.
You Are Here: Home » Opinion » Inside the Statehouse: Looking back at, analyzing the 1958 governor race

Inside the Statehouse: Looking back at, analyzing the 1958 governor race

By Steve Flowers

As the 1958 governor’s race dawned, the shadow of Big Jim Folsom loomed over the scene. Even though Big Jim couldn’t be on the ballot, because the Alabama Constitution prohibited a governor from succeeding himself, his larger than life presence was pervasive.

Although Big Jim was prohibited from seeking a record third term in 1958, the aspirants couldn’t decide if they wanted his support or not. On one hand he was popular with rural Alabamians but, on the other hand, his second term had been as tumultuous and chaotic as his first and probably more scandalous and corrupt.

As was the custom, because you couldn’t succeed yourself, the man who ran second became the frontrunner four years later. It was called running a get-acquainted race. This pattern had been played out throughout the decades. The runner-up to Big Jim in 1954 was Jimmy Faulkner, who was a state senator from Bay Minette. Faulkner was a successful businessman who owned a string of newspapers. He was sharp, handsome and articulate with a little more polish than Big Jim but not nearly the charisma. However, having finished second in 1954, Faulkner emerged as the frontrunner when the 1958 governor’s race began.

It was apparent early on that George Wallace would be Faulkner’s biggest rival. Wallace was a fiery circuit judge in Barbour County and had been running for governor since he was in knee pants. He had been traveling and organizing the state for four years preparing to run. Wallace was especially well organized in south Alabama. He’d been Big Jim’s south Alabama campaign manager in 1954 and was poised to build on and use those contacts. It was apparent that Wallace was a political force to be reckoned with in this race and in years to come. He had a magnetism that connected with voters and a phenomenal ability to remember people’s names. He was also a gifted orator and debater.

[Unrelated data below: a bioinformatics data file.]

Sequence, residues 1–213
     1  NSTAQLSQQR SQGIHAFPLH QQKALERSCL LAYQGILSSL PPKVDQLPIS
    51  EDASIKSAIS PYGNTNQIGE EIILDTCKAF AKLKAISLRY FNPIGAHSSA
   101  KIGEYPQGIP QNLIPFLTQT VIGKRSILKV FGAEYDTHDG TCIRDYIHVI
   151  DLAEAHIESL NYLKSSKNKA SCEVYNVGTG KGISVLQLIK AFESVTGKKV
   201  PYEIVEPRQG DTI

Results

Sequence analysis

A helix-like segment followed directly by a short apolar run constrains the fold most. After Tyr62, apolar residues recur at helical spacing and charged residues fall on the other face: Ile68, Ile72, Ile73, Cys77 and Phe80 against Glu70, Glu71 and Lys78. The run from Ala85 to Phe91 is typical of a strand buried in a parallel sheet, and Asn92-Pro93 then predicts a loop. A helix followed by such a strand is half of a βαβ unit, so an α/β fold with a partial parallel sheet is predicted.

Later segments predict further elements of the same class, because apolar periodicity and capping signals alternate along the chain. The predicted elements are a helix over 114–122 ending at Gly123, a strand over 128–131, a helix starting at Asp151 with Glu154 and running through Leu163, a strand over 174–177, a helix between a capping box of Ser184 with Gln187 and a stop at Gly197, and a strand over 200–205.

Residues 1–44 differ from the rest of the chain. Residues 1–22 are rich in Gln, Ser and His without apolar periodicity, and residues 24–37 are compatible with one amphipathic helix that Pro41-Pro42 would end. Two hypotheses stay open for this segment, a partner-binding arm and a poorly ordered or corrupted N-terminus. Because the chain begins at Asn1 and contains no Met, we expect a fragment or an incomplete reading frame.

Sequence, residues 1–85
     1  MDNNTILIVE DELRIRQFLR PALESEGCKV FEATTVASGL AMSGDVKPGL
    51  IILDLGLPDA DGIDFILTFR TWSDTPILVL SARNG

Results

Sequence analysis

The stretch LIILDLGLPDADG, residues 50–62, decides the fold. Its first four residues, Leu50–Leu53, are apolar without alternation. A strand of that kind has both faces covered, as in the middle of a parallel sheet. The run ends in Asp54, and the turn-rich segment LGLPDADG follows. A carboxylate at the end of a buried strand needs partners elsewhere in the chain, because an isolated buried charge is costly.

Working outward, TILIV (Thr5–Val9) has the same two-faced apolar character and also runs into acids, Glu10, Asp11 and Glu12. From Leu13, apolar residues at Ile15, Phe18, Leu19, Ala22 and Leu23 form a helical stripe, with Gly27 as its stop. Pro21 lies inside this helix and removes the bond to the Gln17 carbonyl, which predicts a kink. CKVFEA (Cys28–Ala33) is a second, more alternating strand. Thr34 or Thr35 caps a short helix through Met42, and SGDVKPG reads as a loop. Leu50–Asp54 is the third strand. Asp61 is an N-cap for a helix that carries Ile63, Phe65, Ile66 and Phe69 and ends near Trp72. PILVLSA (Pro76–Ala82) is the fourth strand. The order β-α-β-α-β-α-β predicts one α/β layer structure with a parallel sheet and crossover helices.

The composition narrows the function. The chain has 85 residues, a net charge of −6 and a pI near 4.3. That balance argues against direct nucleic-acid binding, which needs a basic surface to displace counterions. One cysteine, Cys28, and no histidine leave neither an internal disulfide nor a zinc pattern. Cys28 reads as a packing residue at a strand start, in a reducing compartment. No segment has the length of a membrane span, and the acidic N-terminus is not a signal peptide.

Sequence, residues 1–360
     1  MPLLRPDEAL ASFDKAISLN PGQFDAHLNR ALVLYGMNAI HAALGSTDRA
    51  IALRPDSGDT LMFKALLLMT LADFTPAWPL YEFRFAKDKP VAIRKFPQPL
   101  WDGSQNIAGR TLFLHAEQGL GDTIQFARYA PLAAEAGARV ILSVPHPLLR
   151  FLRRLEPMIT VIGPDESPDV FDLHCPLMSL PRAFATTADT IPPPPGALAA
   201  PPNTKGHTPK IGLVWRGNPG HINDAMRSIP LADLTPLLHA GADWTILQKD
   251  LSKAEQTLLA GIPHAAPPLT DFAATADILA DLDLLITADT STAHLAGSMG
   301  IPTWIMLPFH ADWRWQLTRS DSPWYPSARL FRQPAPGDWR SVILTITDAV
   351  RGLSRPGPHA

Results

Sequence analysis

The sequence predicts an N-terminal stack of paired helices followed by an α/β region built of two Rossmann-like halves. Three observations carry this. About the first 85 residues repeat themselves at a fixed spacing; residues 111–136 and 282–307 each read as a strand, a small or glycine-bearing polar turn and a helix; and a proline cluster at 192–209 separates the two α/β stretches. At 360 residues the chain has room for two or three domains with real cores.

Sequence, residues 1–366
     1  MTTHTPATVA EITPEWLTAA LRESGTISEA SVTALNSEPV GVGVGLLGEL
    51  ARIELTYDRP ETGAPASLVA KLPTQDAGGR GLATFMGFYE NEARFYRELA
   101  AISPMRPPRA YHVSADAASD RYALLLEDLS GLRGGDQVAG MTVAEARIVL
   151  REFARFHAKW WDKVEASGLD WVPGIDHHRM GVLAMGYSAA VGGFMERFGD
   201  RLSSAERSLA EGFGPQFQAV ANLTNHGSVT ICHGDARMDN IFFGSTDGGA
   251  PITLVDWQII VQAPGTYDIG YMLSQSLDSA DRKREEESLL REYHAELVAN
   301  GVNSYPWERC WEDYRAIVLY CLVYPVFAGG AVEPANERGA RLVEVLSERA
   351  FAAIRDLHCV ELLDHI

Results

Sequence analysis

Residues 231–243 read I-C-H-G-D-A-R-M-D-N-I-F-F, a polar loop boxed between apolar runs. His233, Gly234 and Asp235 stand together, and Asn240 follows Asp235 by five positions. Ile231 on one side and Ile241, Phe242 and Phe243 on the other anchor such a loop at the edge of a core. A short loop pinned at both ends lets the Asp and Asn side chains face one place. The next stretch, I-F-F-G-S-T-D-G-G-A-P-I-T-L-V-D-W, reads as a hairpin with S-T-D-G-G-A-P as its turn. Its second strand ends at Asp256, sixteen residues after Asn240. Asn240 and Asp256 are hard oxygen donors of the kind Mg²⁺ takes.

John Patterson was the attorney general of Alabama. His father, Albert Patterson, had been elected four years earlier but was assassinated shortly after his election. The elder Patterson was a Phenix City lawyer who had run on a platform of cleaning up Phenix City, which had emerged as one of the most corrupt cities in America. It was a poor man’s Las Vegas with gambling and prostitution catering to the vast army of soldiers stationed at Ft. Benning in Columbus, Ga., just over the Alabama line. The city was run by a tough local mafia. After Albert Patterson was elected, they killed him. He was assassinated outside his office by the mafia the night he was elected.

Albert Patterson’s young son and law partner, John, ascended to attorney general after his father was elected and assassinated. John Patterson had a successful term as attorney general and fulfilled his father’s promise to clean up Phenix City. He ran the loan sharks out of Alabama and prosecuted some of Big Jim’s political cronies who had gotten too greedy.

In the meantime, a movie entitled “The Phenix City Story” had been made about the corruption and cleanup of Phenix City that portrayed John Patterson favorably. It seemed every Alabamian had seen the film. There was still a lot of sympathy for what the mob had done to Patterson’s father. When Patterson joined the governor’s race, Faulkner and Wallace didn’t realize what an icon Patterson had become. It wasn’t until the votes were counted that Faulkner and Wallace realized they had been running against the wrong man.

Patterson led the 14-man field with 196,859 votes. Wallace ran second with 162,435. Faulkner ran third with 91,512. A.W. Todd, the popular commissioner of agriculture from Russellville, ran fourth with 59,240. Patterson had run a brilliant, well-organized campaign, masterminded by Charles Meriwether, who had become a power behind the throne capitol power broker. Patterson also captured the race issue. Although Wallace and Faulkner were racist segregationists, Patterson had become the most ardent and was perceived as the anti-integration candidate. He was endorsed by the Ku Klux Klan.

Faulkner endorsed Patterson in the runoff against Wallace. Wallace fought hard and tried to bait and debate Patterson. However, Patterson adroitly ignored Wallace and hid out campaigning in the country. Patterson beat Wallace by 65,000 votes in the June 3 runoff and became the youngest man, 36, to ever be elected governor.

Patterson beat Wallace soundly. Wallace realized race was the issue and Patterson had won with it. Wallace was distraught at the loss. He went into a month of deep depression. Afterward, he got up, started campaigning and never stopped for four years. Wallace would not be denied in 1962.

Steve Flowers is Alabama’s leading political columnist. His column appears weekly in 72 Alabama newspapers. Steve served 16 years in the state legislature. He may be reached at www.steveflowers.us.

Created by FerretNet - (http://www.ferretnet.com), AdLab and Filmdog Media (http://www.filmdogmedia.com). Content & Website Copyright 2012 by the Trussville Tribune.

Scroll to top